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Archives For August 2016

by: Cora Webb (public health and women’s and gender studies double-major)

During the summer, I took my first plane ride across the world to participate in the College of Charleston’s first public health study abroad program hosted in Florence, Italy. From squeezing hands with my seatmate during takeoff to trying to avoid baggage fees for my overweight luggage, I encountered a continuous succession of new experiences that have altered my perspective of this world.

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Cora Webb studying abroad in Italy

As most believe, studying abroad (especially for the first time) gives students an opportunity to leave their comfort zone and establish themselves in a new environment, all while attempting to further develop their understanding of the culture they jumped into. I can now attest that this belief is true. While abroad, every day gave me the chance to reexamine my boundaries and opinions. When travelling to the various cities within Italy, such as Venice or Siena, I learned that no place or people can be thought of as homogenized, even if within the borders. As we travelled, we came to the realization that some of the standardized views people held were wrong. After climbing the Duomo, the famous church of Florence, it was easy to believe that religion was a central aspect of people’s lives. We came to realize that was not the case for a lot of people we met, many of which who had an issue with the Catholic Church and its role in the tax system. Moreover, someone also told us that they believed in God, but everything else was just imaginative stories. In those moments, we became enlightened on the similarities shared between our countries – beliefs are as individualized as people.

Studying abroad has heightened my receptiveness to and awareness of unfamiliar languages and social behaviors.  Prior to this endeavor, most, if not all of us students, never spoke Italian. This made our transition awkward and embarrassing, yet it gave us multiple learning experiences. One morning, when looking for a coffee shop before class, we stumbled upon a business that had its door open, but a chair was keeping it open. Being ignorant to the meaning of this, we came inside only to be confronted by an angry store owner who yelled at us so loud that we ran out the shop, puzzled and embarrassed. Even so, we learned something helpful: businesses open late and close early. This is only one of our multiple embarrassing situations that aided us in the scary, yet necessary process of becoming cultured.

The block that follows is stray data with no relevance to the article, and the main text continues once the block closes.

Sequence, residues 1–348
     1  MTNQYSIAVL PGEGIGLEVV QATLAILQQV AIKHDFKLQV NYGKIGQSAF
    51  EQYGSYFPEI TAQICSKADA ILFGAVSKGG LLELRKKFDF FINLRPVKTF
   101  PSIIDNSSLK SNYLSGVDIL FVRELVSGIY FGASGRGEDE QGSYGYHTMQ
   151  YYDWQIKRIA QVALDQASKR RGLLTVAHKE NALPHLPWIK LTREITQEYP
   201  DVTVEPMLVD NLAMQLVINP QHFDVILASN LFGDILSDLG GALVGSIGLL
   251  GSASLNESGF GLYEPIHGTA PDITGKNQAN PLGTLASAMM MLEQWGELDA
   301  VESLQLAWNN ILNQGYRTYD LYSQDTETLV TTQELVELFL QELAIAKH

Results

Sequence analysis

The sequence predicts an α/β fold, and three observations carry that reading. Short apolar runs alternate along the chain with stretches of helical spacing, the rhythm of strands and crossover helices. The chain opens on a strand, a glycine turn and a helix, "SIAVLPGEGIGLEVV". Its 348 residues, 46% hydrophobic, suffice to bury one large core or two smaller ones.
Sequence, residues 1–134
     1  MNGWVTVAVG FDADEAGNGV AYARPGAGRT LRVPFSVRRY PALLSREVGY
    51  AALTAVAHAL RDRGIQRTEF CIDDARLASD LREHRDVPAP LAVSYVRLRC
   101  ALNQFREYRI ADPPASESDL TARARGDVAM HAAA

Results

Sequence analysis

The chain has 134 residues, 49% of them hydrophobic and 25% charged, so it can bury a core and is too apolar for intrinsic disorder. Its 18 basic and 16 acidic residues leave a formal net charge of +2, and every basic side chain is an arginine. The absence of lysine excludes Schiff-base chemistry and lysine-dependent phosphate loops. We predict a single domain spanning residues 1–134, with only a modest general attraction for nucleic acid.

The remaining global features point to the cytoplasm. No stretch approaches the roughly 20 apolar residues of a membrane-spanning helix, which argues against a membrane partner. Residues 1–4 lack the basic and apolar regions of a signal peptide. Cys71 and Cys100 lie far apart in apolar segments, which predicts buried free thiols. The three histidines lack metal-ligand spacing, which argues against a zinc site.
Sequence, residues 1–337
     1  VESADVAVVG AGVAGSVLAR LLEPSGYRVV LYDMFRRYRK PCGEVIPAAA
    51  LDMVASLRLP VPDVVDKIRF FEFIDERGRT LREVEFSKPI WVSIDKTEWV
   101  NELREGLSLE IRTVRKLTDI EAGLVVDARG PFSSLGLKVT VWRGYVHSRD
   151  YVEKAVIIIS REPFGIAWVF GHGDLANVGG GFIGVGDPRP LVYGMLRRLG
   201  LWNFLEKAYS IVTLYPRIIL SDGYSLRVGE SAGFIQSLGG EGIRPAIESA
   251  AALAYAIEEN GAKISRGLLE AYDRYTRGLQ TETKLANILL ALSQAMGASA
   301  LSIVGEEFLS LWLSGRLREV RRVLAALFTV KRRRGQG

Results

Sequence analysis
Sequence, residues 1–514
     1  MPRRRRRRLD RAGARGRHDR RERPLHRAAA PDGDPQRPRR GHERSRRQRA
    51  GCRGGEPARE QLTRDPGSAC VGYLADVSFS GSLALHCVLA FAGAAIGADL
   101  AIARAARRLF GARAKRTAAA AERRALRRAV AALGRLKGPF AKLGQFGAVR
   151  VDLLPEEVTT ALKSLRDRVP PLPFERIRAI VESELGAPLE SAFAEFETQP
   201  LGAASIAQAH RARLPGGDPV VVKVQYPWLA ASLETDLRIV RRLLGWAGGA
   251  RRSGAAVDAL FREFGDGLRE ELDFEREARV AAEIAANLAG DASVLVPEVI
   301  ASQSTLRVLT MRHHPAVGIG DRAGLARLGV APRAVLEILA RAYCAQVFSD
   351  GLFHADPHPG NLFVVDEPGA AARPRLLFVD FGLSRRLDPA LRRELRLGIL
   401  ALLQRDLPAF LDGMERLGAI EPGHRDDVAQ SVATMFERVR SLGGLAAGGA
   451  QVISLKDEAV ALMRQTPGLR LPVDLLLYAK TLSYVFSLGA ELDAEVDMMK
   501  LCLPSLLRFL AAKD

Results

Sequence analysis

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Cora Webb

Most importantly, this journey across the ocean taught me that you cannot push your culture and concepts on to other people. Ethnocentrism prevents us from completely engaging in any experience. Some students instinctively expected people to speak and understand English, which not only displays inattentiveness, but is insensitivity. The truth is, even though you may look and sound outlandish, people always appreciate you trying to understand their culture and beliefs. Being respectively inquisitive (without intrusiveness) shows thoughtfulness and can help you develop your interpersonal communication skills, as it has done for many of us. After asking if someone spoke English or trying to explain how I spoke little Italian, the best thing I could do was meet them where they were. With this being said, I took a lot of time using a book of translations and pronouncing words wrong, all of which taught me patience and gave me a greater appreciation for those who have taken the time to learn more than one language.

Just as I had to subdue my apprehension of flight, studying internationally pushed me to acquire the adaptiveness and flexibility needed to continue on, not only in a professional settings, but in life itself. This journey has gave me the confidence to pursue other opportunities that may seem out of reach. I appreciate all the time and resources that were given to achieve my longtime dream of studying abroad. None of the effort put into this experience was wasted or went unnoticed. I have arrived back in the United States as an improved version of myself. Although frightening, studying abroad replaced my anxiety with courage. Therefore, I am thankful I travelled overseas. The knowledge I now harbor will not just be my own to bear, but will be given to others as encouragement for them to achieve their aspirations, just as people encouraged me to achieve mines.

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